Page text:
Friday, June 2, 2023

Battle of Scarif - Building the base boards


Having decided to build an 1800mm by 1200mm board to refight the battle of Scarif, and having found a map that I liked, I now needed to build the boards themselves. This wasn’t as straightforward as I would have liked. I know from experience that I can fit three 1200mm by 600mm boards into the stacking system I’ve built for my car, so I knew how big each board was going to be. The challenge came from the depth each board would need to be.

I googled other Scarif games that people have put on, including some enormous 28mm games and also looked at other models of Scarif that people have built including some impressive Lego versions. Whilst all of them were great in their own ways none of them seemed to have really recreated the whole battlefield in detail, with most in particular, just building the tower itself and at best paying lip service to recreating the tower base. Quite understandable, but this gave me the chance to do something unusual.

The base of the tower is very complex. It’s very geometric, in concentric patterns replicated 6 times. There are multiple transit lines intersecting with the outer ring, 6 main arteries connecting with the tower centre, ducts, gangways, 6 massive weirs with attendant waterfalls and enormous pool as well as a landing pad, all of which are on multiple different height levels. The rest of the board is fairly straightforward with low island atolls and sea - a pleasant change after the contours of my Imjin board!

Luke Fellows, of Geek Gaming Scenics, builds his boards using 6mm MDF or ply with 20mm or 25mm battens round the edges with the middle infilled with polystyrene insulation. I’ve built my last few boards the same way and I really like the system. If you are not familiar, check out this video he did here as it’s a very effective system.

I still wanted to use this system but the problem was with the six waterfalls surrounding the tower. I wanted to represent these and they needed to seem massive. A 25mm drop was not going to be sufficient to convey the scale of the complex. I thought that if I doubled that drop to 50mm I could probably make that work. That would allow me to infill the board with 50mm insulation and keep to the same system just with deeper insulation. 

The problem was that I couldn’t find any wood cut neatly, with clean edges and smooth that was exactly 50mm. Everybody that showed up in the search results for 50mm battens, strips or whatever actually provided the cut at about 44mm. There was clearly some major discussion and agreement amongst British wood suppliers that nobody needed exactly 2 inch thick wood and that 1inch and 3 quarters was just fine. Except it wasn’t for me. It would have meant slicing the top 6mm of whatever insulation I needed across the face of the insulation boards! Not going to happen!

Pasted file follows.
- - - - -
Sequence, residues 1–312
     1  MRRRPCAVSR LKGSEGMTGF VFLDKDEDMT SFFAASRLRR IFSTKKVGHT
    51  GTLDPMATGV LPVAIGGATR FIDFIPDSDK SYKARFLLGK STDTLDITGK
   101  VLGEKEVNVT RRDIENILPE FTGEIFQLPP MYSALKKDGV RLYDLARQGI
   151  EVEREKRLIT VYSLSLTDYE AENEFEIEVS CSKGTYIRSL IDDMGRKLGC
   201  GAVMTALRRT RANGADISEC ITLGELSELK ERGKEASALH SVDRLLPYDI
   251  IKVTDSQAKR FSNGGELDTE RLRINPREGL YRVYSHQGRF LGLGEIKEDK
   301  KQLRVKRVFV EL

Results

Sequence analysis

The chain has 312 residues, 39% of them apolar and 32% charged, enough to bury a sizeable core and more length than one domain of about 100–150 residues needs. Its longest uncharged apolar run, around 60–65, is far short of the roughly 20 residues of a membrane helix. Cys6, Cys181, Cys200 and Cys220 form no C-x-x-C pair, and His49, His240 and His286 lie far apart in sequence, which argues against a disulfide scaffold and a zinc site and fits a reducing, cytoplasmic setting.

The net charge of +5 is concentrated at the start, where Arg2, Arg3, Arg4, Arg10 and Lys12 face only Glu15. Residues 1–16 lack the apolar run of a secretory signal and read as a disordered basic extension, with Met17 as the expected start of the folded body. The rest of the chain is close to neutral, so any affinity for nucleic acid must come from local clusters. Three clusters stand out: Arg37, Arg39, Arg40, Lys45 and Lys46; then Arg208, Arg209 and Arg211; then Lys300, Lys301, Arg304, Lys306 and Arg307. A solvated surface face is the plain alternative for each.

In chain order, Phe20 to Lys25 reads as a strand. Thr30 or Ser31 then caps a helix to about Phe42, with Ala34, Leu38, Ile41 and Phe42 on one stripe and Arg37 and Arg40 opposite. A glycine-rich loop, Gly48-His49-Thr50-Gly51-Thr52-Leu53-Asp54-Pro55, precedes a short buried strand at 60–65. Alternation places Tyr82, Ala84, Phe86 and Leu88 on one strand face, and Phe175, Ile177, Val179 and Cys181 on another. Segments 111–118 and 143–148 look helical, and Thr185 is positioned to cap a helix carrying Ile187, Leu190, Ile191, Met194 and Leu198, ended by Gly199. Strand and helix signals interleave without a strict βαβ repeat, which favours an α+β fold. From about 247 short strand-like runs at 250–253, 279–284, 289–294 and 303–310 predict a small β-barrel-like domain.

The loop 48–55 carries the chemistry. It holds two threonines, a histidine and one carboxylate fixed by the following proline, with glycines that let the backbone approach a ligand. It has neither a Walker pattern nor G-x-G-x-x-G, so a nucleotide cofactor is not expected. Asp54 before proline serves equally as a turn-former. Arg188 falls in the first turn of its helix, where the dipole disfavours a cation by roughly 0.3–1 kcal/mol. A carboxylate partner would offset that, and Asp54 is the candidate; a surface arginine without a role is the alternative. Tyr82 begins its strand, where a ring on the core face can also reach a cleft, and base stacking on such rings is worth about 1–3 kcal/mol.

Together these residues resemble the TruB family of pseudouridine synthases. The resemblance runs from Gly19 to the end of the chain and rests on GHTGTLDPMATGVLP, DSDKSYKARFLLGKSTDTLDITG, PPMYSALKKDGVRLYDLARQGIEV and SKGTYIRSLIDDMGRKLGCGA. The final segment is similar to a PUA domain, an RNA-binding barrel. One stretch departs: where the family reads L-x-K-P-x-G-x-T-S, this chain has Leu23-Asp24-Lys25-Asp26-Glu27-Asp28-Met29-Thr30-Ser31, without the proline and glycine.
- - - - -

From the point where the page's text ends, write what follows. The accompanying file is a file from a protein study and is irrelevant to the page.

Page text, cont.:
Going any deeper than 50mm, up to say 75mm or 100mm, which I could get wood for was going to cause significant weight issues as well as imperilling my stacking system. So I was stuck at 50mm. The only option was to cut wider wood down to 50mm. I picked up some 119mm wide by 18mm thick smooth finished timber and fired up my rarely used table saw. With some test cuts and the odd error I was able to cut the timber lengthways into 50mm strips. 

These were then cut into the appropriate lengths using a mitre saw, which is when I realised I hadn’t cut enough and had to go back and buy more timber. Basic maths fail and an extra day’s effort required. D’oh!

I glued and screwed the wooden strips to some 6mm MDF boards that I checked were all absolutely the same size. I used clamps and corner angles to ensure that the sides were perfectly square and absolutely vertical and screwed them into each other at the corners. Whilst narrower than I’m used to using at 18mm thick I believe the height at 50mm will prevent any warpage.

I then cut Reticel 50mm thick insulation board to fit into the middle of each board and glued it in place using spots of gorilla glue.

I overlaid the top with some good quality wall lining paper carefully laid edge to edge and glued down at the edge of each board to minimise potential for warping.

I filled in gaps and screw holes with wood filler, sanded everything smooth and applied two coats of black gloss paint. I now had a blank canvas upon which to create my model.

Next time I will look at how I created the shape and design of the tower base. Until then keep the dice rolling!

Charles the Modeller 

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